Refugees, resettlement and our communities: Why does it matter to conduct research in Arabic?

Welcome in Arabic language
'Welcome' in Arabic language

You are an Arabic speaker, well are you interested in undertaking research in Arabic with refugees?” This was the start of an exciting project for me. Over 10 years, I have been conducting research on vulnerabilities, planning, communities and social inequalities. I never embarked on research in my mother tongue and never with refugees. I was excited that this pioneering research would have a direct impact on the sponsored refugees and help the sponsoring groups to better understand refugee families, their hopes and aspirations as well as their concerns and fears.

There are many different dialects of spoken Arabic, my Egyptian colloquial Arabic is quite widely understood within Arab speakers in the Middle East. Before conducting my first ever interview two years ago, I wondered who these refugees were. To me, they were the refugees we saw on the news, escaping on boats and surviving inhumane conditions in camps and shelters. I also knew little about sponsorship groups and how their enthusiasm, empathy, activism, and persistence drive the success of the Community Sponsorship Scheme supporting refugee resettlement in the UK. Learning about refugees’ journeys and their gratitude towards their sponsor groups for their continuous support was an emotional and unique experience. During the interviews, which were all conducted in Arabic, I was amazed by both the hospitality and rich information the participants shared with me. Ultimately, I was overwhelmed with the idea that this “could have been me”. Perhaps, because we shared the same language or perhaps because of the extraordinarily 'normal' lives families lead before conflict. They had secure jobs, homes and loving families and friends, dreams and aspirations, all of which they lost during the conflict in 2011. They suddenly became refugees.

Throughout more than 60 remarkable interviews, respondents revealed to me details of their experiences during flight from the conflict zone, their expectations about life in the UK and their arrival journey. They recalled the warm welcome of their sponsor groups’ and their settling down experiences. They described to me their daily life situations in their new homes and communities. Moreover, they discussed their first steps in integration, the support they were given and challenges they faced learning the English language. It was very revealing to learn about their experiences in Arabic. They explained details never shared before sometimes with their closest family members and issues they could not translate to their sponsors. Overwhelmed by the help the volunteers and sponsor groups provide them every day, sometimes the respondents felt reluctant to raise concerns about experiences and difficult relationships upon their arrival. They avoid asking for help around some matters because they do not wish to become a burden to their sponsors. However, they always seemed happy to share concerns as well as positive experiences with me without the language or mediator barrier. I felt overwhelmed with responsibility to make their voices heard and the challenge of interpreting the meanings of what they shared.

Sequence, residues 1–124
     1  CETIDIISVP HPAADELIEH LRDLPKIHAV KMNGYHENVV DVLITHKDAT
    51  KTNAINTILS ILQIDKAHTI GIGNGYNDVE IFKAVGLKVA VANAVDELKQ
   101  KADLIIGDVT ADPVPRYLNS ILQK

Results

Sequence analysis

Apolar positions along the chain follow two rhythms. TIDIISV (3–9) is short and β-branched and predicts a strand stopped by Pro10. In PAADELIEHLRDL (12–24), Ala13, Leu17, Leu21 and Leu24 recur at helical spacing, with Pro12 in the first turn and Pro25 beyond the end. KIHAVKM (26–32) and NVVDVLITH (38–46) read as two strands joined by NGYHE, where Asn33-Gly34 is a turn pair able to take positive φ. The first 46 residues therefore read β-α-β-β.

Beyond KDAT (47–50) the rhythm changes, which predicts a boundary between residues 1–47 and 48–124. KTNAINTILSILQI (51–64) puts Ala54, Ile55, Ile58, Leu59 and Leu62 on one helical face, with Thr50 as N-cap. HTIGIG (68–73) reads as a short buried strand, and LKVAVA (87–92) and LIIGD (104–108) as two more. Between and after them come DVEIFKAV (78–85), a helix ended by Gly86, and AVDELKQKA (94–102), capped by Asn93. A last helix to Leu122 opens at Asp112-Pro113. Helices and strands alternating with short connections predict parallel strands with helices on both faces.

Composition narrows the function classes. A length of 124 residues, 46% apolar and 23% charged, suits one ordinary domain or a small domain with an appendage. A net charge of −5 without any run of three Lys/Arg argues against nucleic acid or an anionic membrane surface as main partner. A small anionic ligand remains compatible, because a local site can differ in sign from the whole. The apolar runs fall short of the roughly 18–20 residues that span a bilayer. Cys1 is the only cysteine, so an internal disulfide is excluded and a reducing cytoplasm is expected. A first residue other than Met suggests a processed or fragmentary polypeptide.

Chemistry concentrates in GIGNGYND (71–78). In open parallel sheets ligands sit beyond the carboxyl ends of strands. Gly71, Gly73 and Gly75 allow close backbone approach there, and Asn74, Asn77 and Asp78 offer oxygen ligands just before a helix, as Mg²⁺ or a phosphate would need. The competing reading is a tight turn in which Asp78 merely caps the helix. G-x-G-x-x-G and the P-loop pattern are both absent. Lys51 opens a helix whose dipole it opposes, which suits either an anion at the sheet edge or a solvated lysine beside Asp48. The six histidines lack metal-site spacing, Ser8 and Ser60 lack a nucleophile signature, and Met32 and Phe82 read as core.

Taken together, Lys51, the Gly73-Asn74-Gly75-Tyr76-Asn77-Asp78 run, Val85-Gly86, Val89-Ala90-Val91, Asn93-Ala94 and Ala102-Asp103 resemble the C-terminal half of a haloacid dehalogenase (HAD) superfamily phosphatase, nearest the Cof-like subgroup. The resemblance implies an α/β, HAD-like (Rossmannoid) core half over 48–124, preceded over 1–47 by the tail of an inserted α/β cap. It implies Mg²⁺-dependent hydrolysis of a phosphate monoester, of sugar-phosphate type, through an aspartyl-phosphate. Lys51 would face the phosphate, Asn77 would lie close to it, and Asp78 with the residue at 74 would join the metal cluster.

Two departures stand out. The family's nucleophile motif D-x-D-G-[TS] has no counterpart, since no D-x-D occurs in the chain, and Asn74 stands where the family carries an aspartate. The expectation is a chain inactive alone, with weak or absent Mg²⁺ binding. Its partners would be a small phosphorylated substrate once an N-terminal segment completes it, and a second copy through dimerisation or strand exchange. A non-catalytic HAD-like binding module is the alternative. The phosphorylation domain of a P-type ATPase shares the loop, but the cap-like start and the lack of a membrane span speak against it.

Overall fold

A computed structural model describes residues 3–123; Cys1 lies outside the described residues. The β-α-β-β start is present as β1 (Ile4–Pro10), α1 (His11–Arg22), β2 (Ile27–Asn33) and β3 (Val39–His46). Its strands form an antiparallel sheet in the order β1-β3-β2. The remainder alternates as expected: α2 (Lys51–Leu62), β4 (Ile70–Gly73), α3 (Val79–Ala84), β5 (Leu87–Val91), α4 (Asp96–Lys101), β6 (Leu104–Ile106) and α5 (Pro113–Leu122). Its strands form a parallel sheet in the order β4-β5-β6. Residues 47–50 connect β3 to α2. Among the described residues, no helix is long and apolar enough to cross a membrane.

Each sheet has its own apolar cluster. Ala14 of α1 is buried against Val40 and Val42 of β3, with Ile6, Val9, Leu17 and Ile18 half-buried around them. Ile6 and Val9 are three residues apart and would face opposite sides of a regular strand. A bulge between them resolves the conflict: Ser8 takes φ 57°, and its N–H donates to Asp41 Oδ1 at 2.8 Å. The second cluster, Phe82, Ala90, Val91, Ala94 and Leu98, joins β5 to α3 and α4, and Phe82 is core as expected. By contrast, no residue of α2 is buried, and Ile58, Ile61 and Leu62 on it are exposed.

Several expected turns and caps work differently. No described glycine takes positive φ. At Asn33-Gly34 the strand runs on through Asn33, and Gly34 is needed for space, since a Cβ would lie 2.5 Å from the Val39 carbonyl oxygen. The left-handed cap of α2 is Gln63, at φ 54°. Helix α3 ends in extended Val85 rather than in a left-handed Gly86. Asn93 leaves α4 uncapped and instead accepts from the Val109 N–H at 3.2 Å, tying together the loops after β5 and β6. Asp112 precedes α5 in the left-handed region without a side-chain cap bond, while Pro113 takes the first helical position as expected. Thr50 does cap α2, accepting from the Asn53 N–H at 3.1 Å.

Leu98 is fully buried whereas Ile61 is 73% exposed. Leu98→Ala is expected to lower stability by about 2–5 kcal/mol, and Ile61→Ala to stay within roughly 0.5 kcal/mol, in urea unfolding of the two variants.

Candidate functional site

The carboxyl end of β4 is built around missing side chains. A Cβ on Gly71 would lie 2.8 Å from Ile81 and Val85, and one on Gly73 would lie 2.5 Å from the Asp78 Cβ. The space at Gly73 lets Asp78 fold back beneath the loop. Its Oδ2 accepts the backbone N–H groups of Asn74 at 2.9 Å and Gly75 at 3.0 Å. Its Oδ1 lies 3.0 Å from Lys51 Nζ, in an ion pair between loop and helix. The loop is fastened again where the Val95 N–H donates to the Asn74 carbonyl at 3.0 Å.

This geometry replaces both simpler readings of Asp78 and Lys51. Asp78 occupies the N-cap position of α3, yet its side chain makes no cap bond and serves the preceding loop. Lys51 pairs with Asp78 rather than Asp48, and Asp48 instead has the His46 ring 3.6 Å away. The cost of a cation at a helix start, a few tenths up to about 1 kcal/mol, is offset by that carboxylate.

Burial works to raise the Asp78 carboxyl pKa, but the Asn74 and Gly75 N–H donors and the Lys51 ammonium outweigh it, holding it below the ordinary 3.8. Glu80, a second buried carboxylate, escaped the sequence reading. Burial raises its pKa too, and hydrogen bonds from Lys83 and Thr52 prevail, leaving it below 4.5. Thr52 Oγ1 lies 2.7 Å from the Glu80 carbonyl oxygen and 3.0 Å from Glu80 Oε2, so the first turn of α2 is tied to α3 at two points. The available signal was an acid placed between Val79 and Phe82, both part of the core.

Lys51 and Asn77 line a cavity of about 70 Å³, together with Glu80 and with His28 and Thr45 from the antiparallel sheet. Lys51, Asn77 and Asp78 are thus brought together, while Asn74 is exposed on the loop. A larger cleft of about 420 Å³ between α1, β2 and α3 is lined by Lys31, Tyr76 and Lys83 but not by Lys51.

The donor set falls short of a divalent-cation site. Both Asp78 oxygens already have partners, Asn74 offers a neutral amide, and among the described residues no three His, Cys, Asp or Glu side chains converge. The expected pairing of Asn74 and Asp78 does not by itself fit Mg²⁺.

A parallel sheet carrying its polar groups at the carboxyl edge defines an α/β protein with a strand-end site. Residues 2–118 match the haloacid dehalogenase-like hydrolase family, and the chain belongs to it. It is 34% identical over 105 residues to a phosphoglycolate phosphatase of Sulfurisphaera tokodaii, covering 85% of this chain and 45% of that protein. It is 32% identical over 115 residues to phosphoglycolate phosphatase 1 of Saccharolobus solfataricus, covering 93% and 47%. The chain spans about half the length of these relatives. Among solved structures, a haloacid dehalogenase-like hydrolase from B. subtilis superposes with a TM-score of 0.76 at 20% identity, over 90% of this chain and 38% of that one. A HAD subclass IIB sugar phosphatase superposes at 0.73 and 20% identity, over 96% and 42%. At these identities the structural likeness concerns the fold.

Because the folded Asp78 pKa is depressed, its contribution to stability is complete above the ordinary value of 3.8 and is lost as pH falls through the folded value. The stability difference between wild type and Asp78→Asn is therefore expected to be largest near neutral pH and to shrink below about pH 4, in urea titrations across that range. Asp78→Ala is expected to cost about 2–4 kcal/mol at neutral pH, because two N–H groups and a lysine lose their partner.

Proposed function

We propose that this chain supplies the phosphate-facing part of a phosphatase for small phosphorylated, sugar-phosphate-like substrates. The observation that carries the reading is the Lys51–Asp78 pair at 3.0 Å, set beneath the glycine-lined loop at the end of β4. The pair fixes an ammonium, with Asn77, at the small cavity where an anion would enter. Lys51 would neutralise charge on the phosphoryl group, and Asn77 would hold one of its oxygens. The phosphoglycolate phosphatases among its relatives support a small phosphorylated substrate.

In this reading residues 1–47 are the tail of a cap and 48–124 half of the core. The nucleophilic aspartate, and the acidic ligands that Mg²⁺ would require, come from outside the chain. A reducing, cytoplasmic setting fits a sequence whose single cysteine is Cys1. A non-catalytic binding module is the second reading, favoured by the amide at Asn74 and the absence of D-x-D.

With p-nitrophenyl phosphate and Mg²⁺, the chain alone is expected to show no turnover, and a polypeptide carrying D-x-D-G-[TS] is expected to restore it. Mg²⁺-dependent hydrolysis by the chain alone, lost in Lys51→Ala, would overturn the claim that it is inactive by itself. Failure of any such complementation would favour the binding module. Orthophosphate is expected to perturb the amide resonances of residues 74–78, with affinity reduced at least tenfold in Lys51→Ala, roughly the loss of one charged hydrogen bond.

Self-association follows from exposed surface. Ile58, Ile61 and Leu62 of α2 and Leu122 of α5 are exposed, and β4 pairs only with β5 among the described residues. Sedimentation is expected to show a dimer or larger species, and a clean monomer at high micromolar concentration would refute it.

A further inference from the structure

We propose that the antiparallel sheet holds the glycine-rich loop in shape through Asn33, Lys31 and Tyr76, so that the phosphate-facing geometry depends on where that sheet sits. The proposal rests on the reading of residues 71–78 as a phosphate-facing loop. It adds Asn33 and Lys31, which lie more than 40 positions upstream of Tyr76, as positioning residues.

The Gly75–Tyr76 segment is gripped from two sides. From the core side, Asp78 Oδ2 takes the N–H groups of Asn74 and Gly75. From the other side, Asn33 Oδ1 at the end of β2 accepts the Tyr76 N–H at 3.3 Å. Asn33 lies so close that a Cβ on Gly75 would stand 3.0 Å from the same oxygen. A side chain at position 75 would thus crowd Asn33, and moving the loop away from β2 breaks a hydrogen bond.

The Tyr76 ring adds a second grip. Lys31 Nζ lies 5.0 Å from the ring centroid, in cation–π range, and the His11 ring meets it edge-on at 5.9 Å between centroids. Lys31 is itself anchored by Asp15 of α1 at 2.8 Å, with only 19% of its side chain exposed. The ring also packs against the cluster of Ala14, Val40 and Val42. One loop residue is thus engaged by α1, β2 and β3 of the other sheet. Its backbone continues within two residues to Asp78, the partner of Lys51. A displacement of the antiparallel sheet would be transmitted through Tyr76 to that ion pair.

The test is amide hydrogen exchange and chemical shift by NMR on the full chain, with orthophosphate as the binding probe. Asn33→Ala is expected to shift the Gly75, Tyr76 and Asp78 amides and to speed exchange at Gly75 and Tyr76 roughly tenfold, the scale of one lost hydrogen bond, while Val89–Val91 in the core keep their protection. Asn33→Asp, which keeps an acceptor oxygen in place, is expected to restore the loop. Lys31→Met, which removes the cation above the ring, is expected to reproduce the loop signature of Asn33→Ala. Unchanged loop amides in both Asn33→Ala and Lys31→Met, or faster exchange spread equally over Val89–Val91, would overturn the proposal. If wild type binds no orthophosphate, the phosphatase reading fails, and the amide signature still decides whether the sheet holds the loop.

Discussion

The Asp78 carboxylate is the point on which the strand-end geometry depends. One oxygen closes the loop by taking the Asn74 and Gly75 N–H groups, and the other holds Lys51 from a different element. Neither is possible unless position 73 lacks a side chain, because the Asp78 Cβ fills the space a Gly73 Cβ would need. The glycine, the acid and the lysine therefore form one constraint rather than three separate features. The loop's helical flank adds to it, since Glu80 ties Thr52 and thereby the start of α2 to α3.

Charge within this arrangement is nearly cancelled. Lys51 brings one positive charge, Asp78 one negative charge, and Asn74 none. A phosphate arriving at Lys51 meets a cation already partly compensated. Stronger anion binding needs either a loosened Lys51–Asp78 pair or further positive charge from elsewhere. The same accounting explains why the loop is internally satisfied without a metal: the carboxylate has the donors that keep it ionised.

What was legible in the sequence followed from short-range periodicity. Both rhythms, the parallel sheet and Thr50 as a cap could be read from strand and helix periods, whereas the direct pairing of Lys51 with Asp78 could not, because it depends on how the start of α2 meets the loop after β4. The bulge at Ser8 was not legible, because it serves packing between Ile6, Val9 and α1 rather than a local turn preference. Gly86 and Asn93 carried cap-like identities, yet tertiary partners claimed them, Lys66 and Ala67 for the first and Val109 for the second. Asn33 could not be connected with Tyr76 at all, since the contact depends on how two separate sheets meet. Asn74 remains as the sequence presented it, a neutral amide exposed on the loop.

The bigger task in this research journey was the challenge of interpretation of meanings. Language is used to express meaning but also language influences how meaning is created and understood. For example, many of those interviewed needed to express their experiences and frequently used narratives and metaphors which capture the richness of experience using Arabic. However, metaphors differ from culture to culture and are indeed very much specific to the language. Language does not only influence what can be expressed but also shapes our realities and how we experience the world. Many refugees framed this perfectly, stating that they needed to think in English in order to express the meaning they wanted to communicate. Perhaps, to me, one of the biggest challenges was to interpret the meaning behind these stories and metaphors. As part of a multi-national team of researchers I was responsible for clarifying what interviewees had shared and then relaying this interpretation in English for the research team to design analysis and synthesis. Hence, my task was not only to understand and report findings from the interviews but also to validate my research by making sure that the distance between the meanings as experienced by the refugees and those interpreted in the findings are as close as possible. Thinking and reflection processes by our multi-national research team needed innovation where discussions primarily benefitted from using descriptions to meanings rather than a word for word translation.

Many lessons were learnt throughout this staggering research journey, which required not only my research skills but also my language and personal skills. I am honoured to have been part of the research team undertaking this study and eternally grateful to the kindness and hospitality of both the participant refugees and their sponsor groups. You can read my report at http://www.birmingham.ac.uk/refugeesoncommunitysponsorship. I hope that the information I have relayed does justice to that shared and provides much needed insight into the experience of refugees coming to the UK under the Community Sponsorship Scheme.

Blog written by Dr Sara Hassan, Community Sponsorship Evaluation Researcher, University of Birmingham.

Read more about the Community Sponsorship Evaluation in the Institute for Research into Superdiversity (IRiS).